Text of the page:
Why Did Gerald Ford Criticize His Former Colleagues and the Iraq War?

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Mr. Mieczkowski is the author of Gerald Ford and the Challenges of the 1970s (University of Kentucky Press, 2005) and an associate professor of history at Dowling College. 

The revelation that former President Gerald R. Ford harshly criticized the Iraq War has captured headlines since his death.  In a tape-recorded interview that he specified be made public only upon his passing, Ford said that he felt that Vice President Dick Cheney and former Defense Secretary Don Rumsfeld made a “big mistake” in justifying the war on Iraq’s alleged possession of weapons of mass destruction.  Ford also said that if he were president, "I don't think I would have ordered the Iraq war. I would have maximized our effort through sanctions, through restrictions, whatever, to find another answer."

In one sense, the remarks were characteristic of Ford.  He made the remarks during an interview with Washington Post reporter Bob Woodward.  Ford liked and trusted reporters, an attitude unlike those of Lyndon Johnson, who delighted in pulling last-minute surprises on reporters to upset their schedules, and Richard Nixon, who placed muckrakers like Jack Anderson on his “Enemies List” and ostracized them.  As a congressman, Ford got along well with reporters, invited them to his Arlington, Virginia home for dinner, and went to social functions at their homes as well.

As president, Ford tried to repair relations between the White House and the media, which had taken a beating during the Johnson and Nixon administrations.   Both of his press secretaries were reporters, Jerald terHorst of the Detroit Free Press, a longtime friend who quit in protest over the Nixon pardon, and Ron Nessen of NBC News, who had covered Ford as vice president.  Ford redid the seating arrangement in the White House East Room so that reporters faced the open doorway of the Great Hallway rather than the room’s far wall, given them more breathing space and a relaxed atmosphere.  He generously granted follow-up questions at press conferences, and when traveling around the country he ensured that local reporters would get a chance to speak to him.  Ford allowed ABC’s Harry Reasoner to interview him at Camp David, giving Americans their first television view of this private presidential retreat.  Ford’s fondness for reporters—despite sometimes unfavorable coverage of his presidency—helps to explain why he may have trusted Woodward enough to record his innermost thoughts about the Iraq War and keep them quiet until his death (although he would have been dismayed that Woodward chose to release them so soon after his passing).

In another respect, though, the remarks were uncharacteristic of Ford.  Ford was loath to criticize colleagues, even when provoked.  For example, while House minority leader, he never retaliated against the ad hominem attacks of President Lyndon Johnson (who unleashed such jibes as “Ford played too much football without a helmet”).  Ford’s extensive reminiscences that he compiled for his presidential memoir, A Time To Heal, reveal a man who always sought to mention laudable traits about colleagues.  He would sooner praise a political opponent for his good golf game than lambaste him for his policies.  Ford was often liberal with praise, peppering White House memos with remarks like “good,” which kept morale high among his staff and contrasted with the behavior of presidents such as Dwight D. Eisenhower, Lyndon Johnson, Richard Nixon, and Ronald Reagan, who all tended to be sparing with praise.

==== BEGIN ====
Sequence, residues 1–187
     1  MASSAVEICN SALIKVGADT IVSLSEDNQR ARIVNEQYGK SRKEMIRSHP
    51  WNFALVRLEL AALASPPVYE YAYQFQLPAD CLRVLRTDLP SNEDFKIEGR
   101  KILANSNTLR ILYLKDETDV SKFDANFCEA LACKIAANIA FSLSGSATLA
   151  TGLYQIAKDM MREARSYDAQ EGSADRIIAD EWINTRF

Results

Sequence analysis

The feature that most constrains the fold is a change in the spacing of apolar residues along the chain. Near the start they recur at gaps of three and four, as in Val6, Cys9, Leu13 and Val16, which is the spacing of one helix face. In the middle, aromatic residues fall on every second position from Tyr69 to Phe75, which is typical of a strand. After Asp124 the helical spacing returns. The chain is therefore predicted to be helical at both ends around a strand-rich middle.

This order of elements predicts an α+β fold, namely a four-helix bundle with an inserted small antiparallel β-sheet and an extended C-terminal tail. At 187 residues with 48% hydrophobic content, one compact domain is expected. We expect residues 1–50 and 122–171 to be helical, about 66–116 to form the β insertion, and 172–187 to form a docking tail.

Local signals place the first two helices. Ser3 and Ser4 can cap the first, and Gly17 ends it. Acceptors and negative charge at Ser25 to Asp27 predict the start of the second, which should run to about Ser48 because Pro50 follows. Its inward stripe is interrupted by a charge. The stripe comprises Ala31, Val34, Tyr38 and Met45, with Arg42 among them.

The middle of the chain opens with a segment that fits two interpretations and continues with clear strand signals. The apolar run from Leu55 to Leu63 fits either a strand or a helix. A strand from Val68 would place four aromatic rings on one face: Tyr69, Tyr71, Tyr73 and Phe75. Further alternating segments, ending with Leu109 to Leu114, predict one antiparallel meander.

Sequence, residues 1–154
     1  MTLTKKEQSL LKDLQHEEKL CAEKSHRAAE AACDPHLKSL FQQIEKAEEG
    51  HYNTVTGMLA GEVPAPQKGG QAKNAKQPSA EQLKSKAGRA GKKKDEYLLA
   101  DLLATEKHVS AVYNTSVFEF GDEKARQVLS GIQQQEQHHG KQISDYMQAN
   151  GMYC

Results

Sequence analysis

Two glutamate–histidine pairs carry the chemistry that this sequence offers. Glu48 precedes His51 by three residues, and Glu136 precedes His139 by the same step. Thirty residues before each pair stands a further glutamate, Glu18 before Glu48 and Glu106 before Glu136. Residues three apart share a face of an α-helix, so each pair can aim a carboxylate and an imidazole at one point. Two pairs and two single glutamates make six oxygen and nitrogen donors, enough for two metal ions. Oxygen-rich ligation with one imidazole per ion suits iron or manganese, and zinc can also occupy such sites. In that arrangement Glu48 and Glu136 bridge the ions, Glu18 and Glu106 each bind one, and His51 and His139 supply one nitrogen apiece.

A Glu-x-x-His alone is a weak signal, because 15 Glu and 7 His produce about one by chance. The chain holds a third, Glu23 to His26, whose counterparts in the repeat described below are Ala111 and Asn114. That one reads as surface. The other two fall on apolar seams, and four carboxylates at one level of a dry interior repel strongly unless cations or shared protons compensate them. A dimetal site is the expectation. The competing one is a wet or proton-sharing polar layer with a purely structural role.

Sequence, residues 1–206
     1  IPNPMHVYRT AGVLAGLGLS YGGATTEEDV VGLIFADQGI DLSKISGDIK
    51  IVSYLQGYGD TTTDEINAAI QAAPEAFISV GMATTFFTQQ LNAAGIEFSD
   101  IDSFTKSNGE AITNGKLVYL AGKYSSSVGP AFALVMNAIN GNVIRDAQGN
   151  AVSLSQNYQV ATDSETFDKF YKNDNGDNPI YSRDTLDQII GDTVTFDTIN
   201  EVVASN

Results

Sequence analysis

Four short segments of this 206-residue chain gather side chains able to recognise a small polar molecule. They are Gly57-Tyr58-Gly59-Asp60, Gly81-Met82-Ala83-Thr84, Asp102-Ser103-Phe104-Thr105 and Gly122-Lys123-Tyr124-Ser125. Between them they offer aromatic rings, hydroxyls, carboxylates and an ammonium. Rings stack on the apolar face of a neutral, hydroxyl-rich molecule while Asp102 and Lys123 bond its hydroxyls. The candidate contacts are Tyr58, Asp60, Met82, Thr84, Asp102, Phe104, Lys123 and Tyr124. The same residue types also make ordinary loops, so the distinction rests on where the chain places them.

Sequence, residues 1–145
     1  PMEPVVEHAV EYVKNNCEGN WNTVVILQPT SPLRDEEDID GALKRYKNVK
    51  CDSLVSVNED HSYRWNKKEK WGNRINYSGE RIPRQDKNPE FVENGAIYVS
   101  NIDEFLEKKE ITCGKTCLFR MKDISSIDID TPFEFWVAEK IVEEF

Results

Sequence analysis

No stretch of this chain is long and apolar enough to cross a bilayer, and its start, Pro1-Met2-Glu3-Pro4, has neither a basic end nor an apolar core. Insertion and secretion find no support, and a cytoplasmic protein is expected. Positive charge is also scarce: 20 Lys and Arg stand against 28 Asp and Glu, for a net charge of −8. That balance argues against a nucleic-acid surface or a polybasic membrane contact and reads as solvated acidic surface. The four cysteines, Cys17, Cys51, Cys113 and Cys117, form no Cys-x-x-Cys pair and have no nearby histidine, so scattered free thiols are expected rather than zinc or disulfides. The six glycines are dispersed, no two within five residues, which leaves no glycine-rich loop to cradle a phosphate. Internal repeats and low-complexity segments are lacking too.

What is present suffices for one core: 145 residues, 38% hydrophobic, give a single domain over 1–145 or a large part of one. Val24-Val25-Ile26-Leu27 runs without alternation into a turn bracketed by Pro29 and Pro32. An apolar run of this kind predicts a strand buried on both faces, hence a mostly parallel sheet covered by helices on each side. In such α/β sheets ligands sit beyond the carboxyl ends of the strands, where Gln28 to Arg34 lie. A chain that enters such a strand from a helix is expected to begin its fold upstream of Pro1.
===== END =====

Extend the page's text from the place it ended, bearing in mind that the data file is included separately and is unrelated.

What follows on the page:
Ford showed tremendous loyalty to friends, too.  At a University of Michigan homecoming shortly after Ford’s graduation, one of his close friends got spectacularly drunk the night before the football game.  Despite the friend’s besotted condition, Ford got him showered and presentable enough to shake hands with the university president at the game.  He took the trouble to do so out of loyalty to a friend.  Later in his life, as Nixon’s vice president, Ford showed the same trait, supporting the president and trusting his word until the Watergate tapes proved his mendacity and shattered Ford’s confidence in him.  Ford even showed loyalty toward the current Bush administration’s war in Iraq, saying in July 2003 that the White House was “totally justified” in the conflict. 

In light of his apparent volte-face and in light of his loyalty and emphasis on positive traits, Ford’s unkind words toward Don Rumsfeld, his former chief of staff and defense secretary, and Dick Cheney, his erstwhile presidential assistant and chief of staff, were uncharacteristic and almost inexplicable, like a mystery that he left for the living to ponder and unravel. 

Certainly, Ford’s remarks reveal the depth of his disagreement with the Iraq War.  Ford abhorred war.  During World War II, he served in the navy aboard the light aircraft carrier U.S.S. Monterey, fighting in the Pacific.  He witnessed the horrors of war firsthand:  attacks from Japanese planes, a raging fire that nearly crippled the Monterey, and his own brush with death when typhoon winds almost swept him off the ship’s deck.  While Ford emerged from the war an ardent internationalist—which marked a break from his previous isolationism—he also felt chastened by war and determined to avoid it.